When utilizing the software you use every day; you might have noticed that there are always updates and features being added constantly. Some of these updates were actually requested a long time ago before the product you’re using was even in your hands. Occasionally, businesses will release early versions of their programs and use those trial runs to gather information on future iterations and releases so that their final product could be all the more enticing to potential consumers.
By releasing an MVP, or minimum viable product, a service can get real-time usage by consumers who can evaluate the features and respond with feedback on what to add or improve, and the development team can take these ideas and results into account when plotting the full product release.
How Developers See Gains
The development of a SaaS product would especially benefit from this release format because they are long time offerings where businesses encourage consumers to stick around and subscribe for as long as possible. Typically, an untested product launch could have some unforeseen pitfalls, such as glitches that were undiscovered beforehand or security flaws that could be potentially exploitable. We’ve all seen headlines about phones overheating, game consoles crashing, and software accidentally deleting files, and no one wants to have that be their launch day headline.
A SaaS MVP has significant advantages, however, because businesses and developers can release versions of their product that work well enough to be used by consumers, and any kinds of errors can be dealt with before they become a widespread problem. The issues that might have sprung up can be addressed, and businesses can learn what aspects of the service require more focus as development moves forward into the next iteration or final launch.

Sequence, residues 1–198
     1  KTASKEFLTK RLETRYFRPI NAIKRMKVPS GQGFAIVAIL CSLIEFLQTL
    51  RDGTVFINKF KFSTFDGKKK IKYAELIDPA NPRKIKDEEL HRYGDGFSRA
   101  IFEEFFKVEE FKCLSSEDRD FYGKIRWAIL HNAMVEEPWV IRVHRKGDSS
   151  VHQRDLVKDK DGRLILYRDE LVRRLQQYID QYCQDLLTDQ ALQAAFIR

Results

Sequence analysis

Providing Room for Iteration
Consumers who were looking forward to the product can also try it out with the basic features that they were promised beforehand. While an MVP will not include the full suite of features that are aimed for by the developers, it will contain everything a consumer would need in order to perform the base functions of the software. For example, if it was a storage software, the MVP release would at least let consumers store and re-download their files, maybe without as much storage space or organization features that the final release would have.
An MVP release not only gets a product out the door faster, but it can help establish the development timeline for the rest of the product as the initial feedback from the release can help developers plot their course, all the while consumers will benefit because they get to try out services faster, and can provide their replies in a meaningful manner which will help deliver a more optimized release in time.
At the end of the day, a service is only as good as its offerings, and by releasing an MVP, a business can get a glimpse into what the future of their release will be, and they will afford more than enough time to further improve what they build.